Hank Aaron played for the Atlanta Braves throughout his major league career, from 1954 until 1976. He broke Babe Ruth’s all-time home run record on April 8, 1974, with 714 home runs. He was inducted into baseball’s Hall of Fame in 1982 and later became a senior vice president with the Braves organization. Despite never winning an MVP award during his time on the field, many consider Aaron one of the best baseball players ever because of his incredible talent, work ethic, and sportsmanship.

6. Willie Mays (1931-Present)

Mays made an immediate impact when he first entered the league in 1951, quickly distinguishing himself as one of the top players in baseball. He was a fantastic athlete who could hit, run, throw, and most importantly, catch anything that came his way. He is considered by many to be perhaps the best defensive player of all time. His power at the plate made him one of the game’s greatest home run hitters as well. Mays combined talent with personality better than any other player who has ever played, which helped him become an early icon in sports history. His impact on the game cannot be understated, nor can his ability as a player be denied. He’s a member of the Baseball Hall of Fame for a reason.

7. Lou Gehrig (1903-1941)   

The first baseman played his entire 13-year career with the New York Yankees. He was elected to the Hall of Fame in 1951, and he is also a member of the St. Louis Cardinals’ All-Century Team. Gehrig was often called “the Iron Horse” for his durability throughout his career. He led all American League players by appearing in 2130 consecutive games, extending from May 15, 1925, until June 1, 1938. Lou Gehrig holds many major league records, including most grand slams (23), RBIs in a single game (12), and most consecutive games played (2,130).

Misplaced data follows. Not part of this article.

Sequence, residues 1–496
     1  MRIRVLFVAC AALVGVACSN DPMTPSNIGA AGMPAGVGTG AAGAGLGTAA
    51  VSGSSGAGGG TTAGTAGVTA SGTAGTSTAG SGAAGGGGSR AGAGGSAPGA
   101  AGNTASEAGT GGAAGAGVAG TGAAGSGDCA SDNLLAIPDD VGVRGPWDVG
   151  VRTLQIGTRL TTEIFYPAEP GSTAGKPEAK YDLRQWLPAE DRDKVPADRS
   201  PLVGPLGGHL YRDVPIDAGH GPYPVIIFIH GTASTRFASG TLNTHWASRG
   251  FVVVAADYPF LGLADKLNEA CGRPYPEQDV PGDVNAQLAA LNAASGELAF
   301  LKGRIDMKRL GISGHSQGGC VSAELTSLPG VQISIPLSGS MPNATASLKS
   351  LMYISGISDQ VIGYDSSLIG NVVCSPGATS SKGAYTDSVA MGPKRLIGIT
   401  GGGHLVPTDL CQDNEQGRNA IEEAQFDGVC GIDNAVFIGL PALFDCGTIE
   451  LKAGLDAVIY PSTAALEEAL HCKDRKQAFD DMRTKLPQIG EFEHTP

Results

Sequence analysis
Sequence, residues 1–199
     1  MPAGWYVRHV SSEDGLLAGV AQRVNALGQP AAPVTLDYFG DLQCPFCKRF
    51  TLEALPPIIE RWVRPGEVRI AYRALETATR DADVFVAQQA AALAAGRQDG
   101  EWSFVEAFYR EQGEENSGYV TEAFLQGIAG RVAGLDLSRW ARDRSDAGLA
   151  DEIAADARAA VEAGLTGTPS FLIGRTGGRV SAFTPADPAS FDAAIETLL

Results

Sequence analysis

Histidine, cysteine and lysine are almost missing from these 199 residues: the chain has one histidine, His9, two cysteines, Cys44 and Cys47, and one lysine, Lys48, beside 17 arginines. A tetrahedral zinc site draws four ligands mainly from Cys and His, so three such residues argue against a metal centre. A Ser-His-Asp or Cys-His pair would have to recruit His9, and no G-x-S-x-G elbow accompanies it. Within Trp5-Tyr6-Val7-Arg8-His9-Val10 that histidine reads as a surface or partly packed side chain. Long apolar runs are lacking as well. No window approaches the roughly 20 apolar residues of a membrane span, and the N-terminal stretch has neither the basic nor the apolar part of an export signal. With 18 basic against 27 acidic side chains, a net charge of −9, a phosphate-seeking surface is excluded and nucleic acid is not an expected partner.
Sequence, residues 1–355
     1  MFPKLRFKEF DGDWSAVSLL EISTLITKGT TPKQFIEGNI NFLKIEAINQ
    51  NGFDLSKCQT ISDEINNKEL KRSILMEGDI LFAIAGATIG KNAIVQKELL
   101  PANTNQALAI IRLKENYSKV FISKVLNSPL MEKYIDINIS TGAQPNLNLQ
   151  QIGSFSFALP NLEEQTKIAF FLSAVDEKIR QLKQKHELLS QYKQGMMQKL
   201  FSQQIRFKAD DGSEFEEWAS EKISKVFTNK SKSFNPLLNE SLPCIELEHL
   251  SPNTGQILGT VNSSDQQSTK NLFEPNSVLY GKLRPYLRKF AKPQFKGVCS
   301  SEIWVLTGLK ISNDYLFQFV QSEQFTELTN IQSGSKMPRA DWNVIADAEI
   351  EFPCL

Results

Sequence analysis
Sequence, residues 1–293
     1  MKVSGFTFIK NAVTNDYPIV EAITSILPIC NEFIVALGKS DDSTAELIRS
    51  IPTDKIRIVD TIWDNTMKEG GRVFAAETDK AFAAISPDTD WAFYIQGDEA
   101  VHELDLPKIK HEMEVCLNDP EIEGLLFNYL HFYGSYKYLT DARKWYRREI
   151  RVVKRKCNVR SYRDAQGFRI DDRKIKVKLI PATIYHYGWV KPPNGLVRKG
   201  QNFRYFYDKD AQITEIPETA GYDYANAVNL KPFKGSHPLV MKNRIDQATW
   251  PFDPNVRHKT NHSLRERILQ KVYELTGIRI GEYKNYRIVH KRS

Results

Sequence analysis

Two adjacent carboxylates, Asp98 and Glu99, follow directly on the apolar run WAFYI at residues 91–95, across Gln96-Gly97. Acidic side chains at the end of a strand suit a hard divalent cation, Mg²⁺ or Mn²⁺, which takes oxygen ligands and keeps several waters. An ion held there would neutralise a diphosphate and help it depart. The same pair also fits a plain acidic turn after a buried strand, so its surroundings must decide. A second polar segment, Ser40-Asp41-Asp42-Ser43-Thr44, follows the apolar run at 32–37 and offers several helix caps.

8. Jackie Robinson (1919–1972)

 Jackie Robinson broke the color barrier when the Brooklyn Dodgers signed him in 1947. He became known as the first African American player in Major League Baseball since its integration in 1847 when Moses Fleetwood Walker played for Toledo Blue Stockings of the American Association. Robinson led the team to six league championships and won one MVP award during his career. Today, he is widely considered as one of the greatest baseball players ever.


So who are the best baseball players in history? The list of potential candidates is extensive. However, some players clearly rise above the rest. We’ve attempted to look at career numbers and their overall impact on the game, and how they changed it for the better. So, what do you think? Who did we leave off this list? Did we get anything wrong? Feel free to give us your opinion in the comments section below!